Razer is updating one of its most recognizable laptops, the 13.3-inch Blade Stealth, with a new chassis and specs. The updated Blade Stealth can be configured as a full HD, battery-conscious laptop or a 4K touchscreen machine with discrete graphics. Ultimately, this is going to be Razer’s most portable and affordable laptop, putting it in direct competition with machines from Apple and Dell.
The big deal with the Stealth’s fall refresh is its changing footprint. At first glance, I thought the new Blade Stealth was smaller than the previous generation, until I placed them side by side. In reality, the 2.82-pound laptop is actually four-tenths of an inch thicker, with thinner 4.9mm bezels flanking the screen (which are 60 percent thinner than the last gen’s) that make it appear to have a smaller footprint. It also has a smaller power brick for charging over USB-C.
Razer revamped the Stealth’s speaker setup, with four Dolby Atmos tuned speakers (two more than before) on both sides of the keyboard. There’s also a larger Windows Precision Touchpad than before, complete with native gesture support.
Razer gave the new Stealth a bigger touchpad, battery, and speakers
You might be getting slightly more for your money this year, too: the new Blade Stealth starts with a quad-core processor, but with the same $1,399 starting price. Previously, you’d only get two cores, and $1,499 would get you a quad-core chip.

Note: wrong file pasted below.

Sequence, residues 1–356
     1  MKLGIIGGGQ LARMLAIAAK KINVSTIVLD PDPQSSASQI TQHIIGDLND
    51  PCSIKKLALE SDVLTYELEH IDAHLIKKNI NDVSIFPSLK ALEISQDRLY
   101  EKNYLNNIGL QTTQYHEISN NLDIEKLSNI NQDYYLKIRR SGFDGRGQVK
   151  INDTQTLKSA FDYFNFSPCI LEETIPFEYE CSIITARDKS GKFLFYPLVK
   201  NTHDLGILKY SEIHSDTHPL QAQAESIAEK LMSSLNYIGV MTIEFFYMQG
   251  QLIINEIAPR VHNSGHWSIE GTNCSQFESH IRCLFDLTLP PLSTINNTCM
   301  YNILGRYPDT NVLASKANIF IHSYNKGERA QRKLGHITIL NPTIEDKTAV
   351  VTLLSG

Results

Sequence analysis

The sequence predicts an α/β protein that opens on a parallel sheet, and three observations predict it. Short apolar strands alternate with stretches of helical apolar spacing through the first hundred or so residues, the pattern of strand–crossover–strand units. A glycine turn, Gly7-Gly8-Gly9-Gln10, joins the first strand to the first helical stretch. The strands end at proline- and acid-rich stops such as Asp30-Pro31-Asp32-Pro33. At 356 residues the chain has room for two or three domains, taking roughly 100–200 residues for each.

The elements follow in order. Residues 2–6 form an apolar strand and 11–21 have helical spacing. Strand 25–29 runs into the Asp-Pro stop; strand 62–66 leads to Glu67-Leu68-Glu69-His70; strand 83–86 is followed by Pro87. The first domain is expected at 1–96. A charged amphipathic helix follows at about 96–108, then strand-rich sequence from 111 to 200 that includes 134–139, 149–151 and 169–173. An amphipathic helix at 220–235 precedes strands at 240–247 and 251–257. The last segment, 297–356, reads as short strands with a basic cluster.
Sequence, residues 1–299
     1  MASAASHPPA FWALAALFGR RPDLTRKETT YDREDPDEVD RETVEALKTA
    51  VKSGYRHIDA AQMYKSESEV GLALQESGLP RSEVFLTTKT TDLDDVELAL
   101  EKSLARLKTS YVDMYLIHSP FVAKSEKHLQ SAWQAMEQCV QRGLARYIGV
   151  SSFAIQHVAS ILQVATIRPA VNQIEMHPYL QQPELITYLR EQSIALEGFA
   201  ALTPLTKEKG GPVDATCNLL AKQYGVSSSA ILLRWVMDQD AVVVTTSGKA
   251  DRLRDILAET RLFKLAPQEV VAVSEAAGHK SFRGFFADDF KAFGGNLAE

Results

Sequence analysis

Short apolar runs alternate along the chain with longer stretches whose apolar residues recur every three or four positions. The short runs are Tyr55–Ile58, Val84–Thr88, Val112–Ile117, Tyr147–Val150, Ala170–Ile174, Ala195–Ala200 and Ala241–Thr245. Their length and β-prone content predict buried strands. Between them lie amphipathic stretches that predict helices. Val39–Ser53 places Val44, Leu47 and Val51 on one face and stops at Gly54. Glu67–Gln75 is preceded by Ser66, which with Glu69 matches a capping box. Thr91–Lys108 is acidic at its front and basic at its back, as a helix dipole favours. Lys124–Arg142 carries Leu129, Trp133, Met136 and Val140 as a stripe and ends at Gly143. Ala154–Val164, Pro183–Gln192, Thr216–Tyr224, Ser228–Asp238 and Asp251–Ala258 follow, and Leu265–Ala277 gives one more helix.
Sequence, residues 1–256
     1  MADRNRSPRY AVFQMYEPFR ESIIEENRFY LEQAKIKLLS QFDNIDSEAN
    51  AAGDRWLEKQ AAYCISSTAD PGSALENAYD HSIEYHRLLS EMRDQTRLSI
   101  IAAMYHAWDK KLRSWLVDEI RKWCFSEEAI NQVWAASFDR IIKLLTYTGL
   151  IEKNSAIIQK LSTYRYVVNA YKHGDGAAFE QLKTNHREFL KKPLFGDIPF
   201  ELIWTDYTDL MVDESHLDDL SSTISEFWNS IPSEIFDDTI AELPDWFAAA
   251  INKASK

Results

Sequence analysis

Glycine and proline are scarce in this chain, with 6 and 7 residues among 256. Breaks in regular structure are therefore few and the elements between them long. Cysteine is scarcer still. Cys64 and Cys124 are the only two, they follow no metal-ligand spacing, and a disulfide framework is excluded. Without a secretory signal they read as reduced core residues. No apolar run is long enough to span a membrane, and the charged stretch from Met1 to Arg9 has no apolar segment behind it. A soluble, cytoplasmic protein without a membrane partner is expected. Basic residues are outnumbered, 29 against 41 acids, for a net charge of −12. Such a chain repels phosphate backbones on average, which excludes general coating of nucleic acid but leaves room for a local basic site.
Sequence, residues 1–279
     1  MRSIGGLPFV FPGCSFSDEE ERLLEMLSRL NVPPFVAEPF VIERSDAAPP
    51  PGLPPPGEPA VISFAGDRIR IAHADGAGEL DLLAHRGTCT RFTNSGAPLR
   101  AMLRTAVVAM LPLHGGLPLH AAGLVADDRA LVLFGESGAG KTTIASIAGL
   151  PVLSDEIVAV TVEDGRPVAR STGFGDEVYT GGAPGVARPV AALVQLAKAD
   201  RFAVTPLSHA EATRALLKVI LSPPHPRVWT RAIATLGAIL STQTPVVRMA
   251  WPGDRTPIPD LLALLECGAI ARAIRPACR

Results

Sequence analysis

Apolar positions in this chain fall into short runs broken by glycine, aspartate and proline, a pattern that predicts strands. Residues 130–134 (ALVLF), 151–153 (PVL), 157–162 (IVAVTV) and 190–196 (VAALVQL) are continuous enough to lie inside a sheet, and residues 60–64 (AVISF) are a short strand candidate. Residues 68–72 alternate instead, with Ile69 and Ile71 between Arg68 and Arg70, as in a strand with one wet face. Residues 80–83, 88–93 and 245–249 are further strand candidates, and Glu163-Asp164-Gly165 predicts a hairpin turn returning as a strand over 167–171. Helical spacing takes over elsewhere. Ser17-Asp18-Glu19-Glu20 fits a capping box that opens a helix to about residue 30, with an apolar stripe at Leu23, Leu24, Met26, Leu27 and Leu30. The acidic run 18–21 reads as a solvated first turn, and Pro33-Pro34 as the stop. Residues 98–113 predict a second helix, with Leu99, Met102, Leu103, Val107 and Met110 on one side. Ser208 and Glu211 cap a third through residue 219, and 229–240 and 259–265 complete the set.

The new Blade Stealth has an Intel Core i7-8565U quad-core processor clocked at 1.8GHz (Turbo Boost to 4.6GHz), Intel UHD 620 integrated graphics, 8GB RAM, a 1080p matte screen (with 100 percent sRGB coverage), and a slower 256GB SATA SSD.
If that’s not enough power, you can upgrade the Blade Stealth laptop to a 4K glossy touchscreen, a new 25-watt version of Nvidia’s MX150 discrete graphics chip that Razer claims is fast enough to play League or Fortnite (on lower settings) at 1080p or 4K, 16GB RAM, and a faster 512GB PCIe solid state drive. These upgrades push the Stealth’s price tag up to the $1,899 mark.
On its own, the Stealth isn’t a gaming laptop (even with the MX150 chip), but both models still have eGPU support. That’ll allow you to use an enclosure like Razer’s own Core dock to attach a desktop-class GPU over a Thunderbolt 3 connection, with four PCIe lanes capable of 40GBps data transfers.
Razer hasn’t retained the individual Chroma key backlighting we’ve seen in the advanced Blade 15 and the last-gen Stealth. Instead, Razer swapped it for the single-zone layout in the base Blade 15 in order to conserve battery life, which company reps claim is “up to 13 hours” on the base 1080p Stealth, or three hours more than previously claimed with the last-gen Stealth. We’ll see how that pans out when we review the new Stealth in the coming weeks.
Another new hardware addition is the IR camera mounted at the top of the display that allows you to log in to the Blade Stealth using Windows Hello facial recognition. It’s been a heavily requested feature of mine on previous Blade laptops, so it’s great to see facial recognition finally making an appearance in their lineup.
The new Razer Blade Stealth launches today, starting at $1,399 from Razer.com and select retailers in the US and Canada. It’s also coming soon to retailers in the United Kingdom, France, Germany, Sweden, Norway, Finland, Denmark, Iceland, China, Australia, Hong Kong, Japan, Singapore, and Taiwan.